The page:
The rotating magnetic field rotates at a certain speed, that speed is called
Now if an electromagnet is present in this rotating magnetic field, the
electromagnet is magnetically locked with this rotating magnetic field and rotates
with same speed of rotating field.
Synchronous motors is called so
because the speed of the rotor of
this motor is same as the rotating
magnetic field. It is basically a fixed
speed motor because it has only
one speed, which is synchronous
speed and therefore no intermediate
speed is there or in other words
it’s in synchronism with the supply
frequency. Synchronous speed is given by
Synchronous motor is a doubly excited machine i.e two
electrical inputs are provided to it. It’s stator winding which
consists of a 3 phase winding is provided with 3 phase
supply and rotor is provided with DC supply.
The 3 phase stator winding carrying 3 phase currents
produces 3 phase rotating magnetic flux. The rotor carrying
DC supply also produces a constant flux.
At a particular instant rotor and stator poles might be of
same polarity (N-N or S-S) causing repulsive force on rotor
and the very next second it will be N-S causing attractive
force. But due to inertia of the rotor, it is unable to rotate in
any direction due to attractive or repulsive force and remain
in standstill condition. Hence it is not self starting.
• Synchronous motor having no load connected to its shaft is
used for power factor improvement. Owing to its
characteristics to behave at any power factor, it is used in
power system in situations where static capacitors are
• Synchronous motor finds application where operating speed
is less (around 500 rpm) and high power is required. For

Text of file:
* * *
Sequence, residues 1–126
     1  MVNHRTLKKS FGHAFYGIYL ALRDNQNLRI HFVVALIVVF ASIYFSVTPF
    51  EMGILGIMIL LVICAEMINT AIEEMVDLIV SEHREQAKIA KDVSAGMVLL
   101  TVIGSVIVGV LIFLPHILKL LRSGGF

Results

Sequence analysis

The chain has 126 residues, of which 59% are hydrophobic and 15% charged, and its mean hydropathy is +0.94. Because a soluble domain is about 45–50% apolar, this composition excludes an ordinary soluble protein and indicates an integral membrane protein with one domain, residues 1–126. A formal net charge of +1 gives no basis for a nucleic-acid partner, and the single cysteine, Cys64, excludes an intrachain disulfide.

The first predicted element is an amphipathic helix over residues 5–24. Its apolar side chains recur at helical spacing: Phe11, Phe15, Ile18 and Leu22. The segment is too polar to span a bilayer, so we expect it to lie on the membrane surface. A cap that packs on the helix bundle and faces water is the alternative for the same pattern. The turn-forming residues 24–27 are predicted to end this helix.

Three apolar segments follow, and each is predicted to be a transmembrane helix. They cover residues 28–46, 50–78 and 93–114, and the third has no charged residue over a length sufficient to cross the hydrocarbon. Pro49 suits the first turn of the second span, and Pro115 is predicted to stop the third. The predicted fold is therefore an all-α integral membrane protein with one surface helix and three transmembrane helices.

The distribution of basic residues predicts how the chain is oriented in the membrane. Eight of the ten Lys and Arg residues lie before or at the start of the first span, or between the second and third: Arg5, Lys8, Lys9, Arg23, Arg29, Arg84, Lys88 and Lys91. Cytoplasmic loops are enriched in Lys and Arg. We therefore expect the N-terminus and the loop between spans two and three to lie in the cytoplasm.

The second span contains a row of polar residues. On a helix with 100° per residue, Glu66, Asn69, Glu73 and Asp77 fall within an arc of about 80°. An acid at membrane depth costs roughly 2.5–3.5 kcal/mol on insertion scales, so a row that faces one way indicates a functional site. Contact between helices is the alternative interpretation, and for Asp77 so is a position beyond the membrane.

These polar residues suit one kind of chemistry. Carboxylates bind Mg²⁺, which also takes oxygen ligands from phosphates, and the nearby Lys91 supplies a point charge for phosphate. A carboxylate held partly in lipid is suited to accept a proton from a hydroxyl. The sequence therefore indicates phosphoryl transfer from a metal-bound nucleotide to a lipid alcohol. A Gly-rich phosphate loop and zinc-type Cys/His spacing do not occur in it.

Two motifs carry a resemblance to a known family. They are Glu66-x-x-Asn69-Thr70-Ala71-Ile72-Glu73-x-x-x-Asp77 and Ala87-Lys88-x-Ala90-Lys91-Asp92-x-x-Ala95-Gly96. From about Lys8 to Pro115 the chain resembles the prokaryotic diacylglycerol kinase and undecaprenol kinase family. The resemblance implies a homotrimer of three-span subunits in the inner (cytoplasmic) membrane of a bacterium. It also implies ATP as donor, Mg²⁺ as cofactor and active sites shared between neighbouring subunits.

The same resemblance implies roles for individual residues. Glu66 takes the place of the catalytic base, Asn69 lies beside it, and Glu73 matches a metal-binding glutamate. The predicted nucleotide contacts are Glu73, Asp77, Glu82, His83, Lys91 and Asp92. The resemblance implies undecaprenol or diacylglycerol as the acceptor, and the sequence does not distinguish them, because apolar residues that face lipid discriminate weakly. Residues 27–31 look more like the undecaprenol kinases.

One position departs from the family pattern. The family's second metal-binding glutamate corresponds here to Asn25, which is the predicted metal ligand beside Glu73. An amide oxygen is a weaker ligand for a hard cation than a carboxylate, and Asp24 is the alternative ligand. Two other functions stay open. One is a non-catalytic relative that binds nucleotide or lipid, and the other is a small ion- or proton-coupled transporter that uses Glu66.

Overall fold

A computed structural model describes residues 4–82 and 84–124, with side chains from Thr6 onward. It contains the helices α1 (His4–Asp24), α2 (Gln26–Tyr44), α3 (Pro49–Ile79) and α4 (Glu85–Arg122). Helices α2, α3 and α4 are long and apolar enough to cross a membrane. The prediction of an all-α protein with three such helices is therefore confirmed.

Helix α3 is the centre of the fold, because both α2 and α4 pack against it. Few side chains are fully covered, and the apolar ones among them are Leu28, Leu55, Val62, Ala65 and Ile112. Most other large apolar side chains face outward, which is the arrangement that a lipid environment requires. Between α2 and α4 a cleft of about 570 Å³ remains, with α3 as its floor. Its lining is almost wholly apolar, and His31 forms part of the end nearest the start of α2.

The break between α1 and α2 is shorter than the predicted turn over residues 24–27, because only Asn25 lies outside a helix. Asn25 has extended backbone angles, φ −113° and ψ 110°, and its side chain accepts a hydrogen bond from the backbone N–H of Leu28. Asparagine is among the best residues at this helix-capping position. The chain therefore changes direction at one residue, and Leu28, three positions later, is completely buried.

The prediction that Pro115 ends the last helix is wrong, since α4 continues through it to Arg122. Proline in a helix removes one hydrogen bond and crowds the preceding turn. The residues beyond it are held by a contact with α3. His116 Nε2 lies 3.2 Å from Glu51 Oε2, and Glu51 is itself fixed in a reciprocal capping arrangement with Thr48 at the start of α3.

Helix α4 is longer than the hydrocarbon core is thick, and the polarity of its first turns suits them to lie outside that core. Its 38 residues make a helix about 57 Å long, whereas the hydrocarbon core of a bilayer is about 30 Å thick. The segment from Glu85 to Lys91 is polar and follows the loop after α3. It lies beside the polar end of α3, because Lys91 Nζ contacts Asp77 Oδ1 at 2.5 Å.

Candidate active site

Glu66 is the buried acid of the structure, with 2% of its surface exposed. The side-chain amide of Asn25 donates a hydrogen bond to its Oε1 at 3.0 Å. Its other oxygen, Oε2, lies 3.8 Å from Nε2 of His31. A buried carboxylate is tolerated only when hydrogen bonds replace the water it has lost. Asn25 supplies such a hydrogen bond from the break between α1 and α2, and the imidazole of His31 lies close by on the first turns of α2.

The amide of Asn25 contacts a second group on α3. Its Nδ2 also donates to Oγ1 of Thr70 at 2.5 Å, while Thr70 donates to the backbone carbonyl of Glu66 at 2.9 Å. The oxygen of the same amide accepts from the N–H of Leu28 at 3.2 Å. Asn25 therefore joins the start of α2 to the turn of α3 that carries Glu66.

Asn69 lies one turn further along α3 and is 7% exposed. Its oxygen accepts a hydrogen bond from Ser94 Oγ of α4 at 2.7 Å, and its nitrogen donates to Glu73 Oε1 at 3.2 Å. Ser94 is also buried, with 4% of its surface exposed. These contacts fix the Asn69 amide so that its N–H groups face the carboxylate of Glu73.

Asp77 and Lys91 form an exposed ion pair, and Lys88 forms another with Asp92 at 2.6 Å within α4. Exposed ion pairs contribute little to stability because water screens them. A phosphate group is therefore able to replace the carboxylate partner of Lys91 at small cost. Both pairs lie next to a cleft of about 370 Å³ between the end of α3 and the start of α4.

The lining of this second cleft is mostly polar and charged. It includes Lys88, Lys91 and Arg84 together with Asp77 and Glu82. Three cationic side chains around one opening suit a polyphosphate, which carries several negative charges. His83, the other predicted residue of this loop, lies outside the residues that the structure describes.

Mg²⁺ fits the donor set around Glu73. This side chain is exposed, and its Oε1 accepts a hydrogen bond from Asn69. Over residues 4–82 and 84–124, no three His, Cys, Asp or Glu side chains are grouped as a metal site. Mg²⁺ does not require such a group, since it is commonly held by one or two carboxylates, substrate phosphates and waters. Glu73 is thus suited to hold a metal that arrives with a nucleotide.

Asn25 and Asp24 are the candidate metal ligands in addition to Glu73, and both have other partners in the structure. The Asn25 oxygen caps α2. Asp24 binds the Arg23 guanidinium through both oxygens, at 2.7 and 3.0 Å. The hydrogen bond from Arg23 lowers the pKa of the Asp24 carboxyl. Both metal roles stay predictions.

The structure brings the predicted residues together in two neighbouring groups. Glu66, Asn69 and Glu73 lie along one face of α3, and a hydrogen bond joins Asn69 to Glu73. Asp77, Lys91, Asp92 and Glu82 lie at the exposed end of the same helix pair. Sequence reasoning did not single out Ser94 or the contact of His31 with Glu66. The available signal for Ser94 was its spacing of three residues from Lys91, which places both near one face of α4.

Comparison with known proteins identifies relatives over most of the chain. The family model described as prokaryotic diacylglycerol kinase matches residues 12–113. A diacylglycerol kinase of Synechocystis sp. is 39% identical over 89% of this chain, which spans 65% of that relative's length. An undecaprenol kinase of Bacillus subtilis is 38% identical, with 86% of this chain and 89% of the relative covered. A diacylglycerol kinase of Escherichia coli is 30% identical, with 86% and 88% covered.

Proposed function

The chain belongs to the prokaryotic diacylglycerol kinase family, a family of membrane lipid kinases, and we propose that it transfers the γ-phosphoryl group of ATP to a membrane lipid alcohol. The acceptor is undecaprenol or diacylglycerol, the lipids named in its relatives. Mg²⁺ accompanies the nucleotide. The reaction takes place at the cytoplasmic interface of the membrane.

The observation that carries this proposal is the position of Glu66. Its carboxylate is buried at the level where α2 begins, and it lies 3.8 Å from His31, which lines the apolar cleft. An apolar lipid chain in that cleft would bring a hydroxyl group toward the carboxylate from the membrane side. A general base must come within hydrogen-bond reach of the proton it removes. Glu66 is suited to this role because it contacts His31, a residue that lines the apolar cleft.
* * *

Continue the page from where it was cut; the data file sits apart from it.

power requirement from 35 kW to 2500KW, the size, weight
and cost of the corresponding induction motor is very high.
Hence these motors are preferably used. Ex- Reciprocating
pump, compressor, rolling mills etc
Servomotor is normally a simple DC motor which is controlled
for specific angular rotation with help of additional
servomechanism (a typical closed loop feedback control system).
A Servo is a small device that incorporates a three wire DC
motor, a gear train, a potentiometer,an integrated circuit, and
an output shaft bearing (Shown in Figure). Of the three wires
that stick out from the motor casing, one is for power, one is
for ground, and one is a control input line. The shaft of the
servo can be positioned to specific angular positions by
sending a coded signal. As long as the coded signal exists on
the input line, the servo will maintain the angular position of
the shaft. If the coded signal changes, then the angular position
of the shaft changes.
Servos are constructed from three basic
pieces; a motor, a potentiometer (variable
resister) that is connected to the output
shaft, and a control board. The
potentiometer allows the control circuitry to
monitor the current angle of the servo motor.
The motor, through a series of gears, turns the
output shaft and the potentiometer
simultaneously. The potentiometer is fed into
the servo control circuit and when the control
circuit detects that the position is correct, it
stops the motor. If the control circuit detects
that the angle is not correct, it will turn the
motor the correct direction until the angle is
correct. Normally a servo is used to control
an angular motion of between 0 and 180
degrees. It is not mechanically capable
(unless modified) of turning any farther due
to the mechanical stop build on to the main
The amount of power applied to the
motor is proportional to the distance it
needs to travel. So, if the shaft needs
to turn a large distance, the motor will
run at full speed. If it needs to turn
only a small amount, the motor will
run at a slower speed. This is called
A very common use of servo motors is in Radio
Controlled models for controlling direction of motion
like cars, airplanes, robots, movement of the tray of a
CD or DVD player and puppets. They are also used
in powerful heavy-duty sail boats.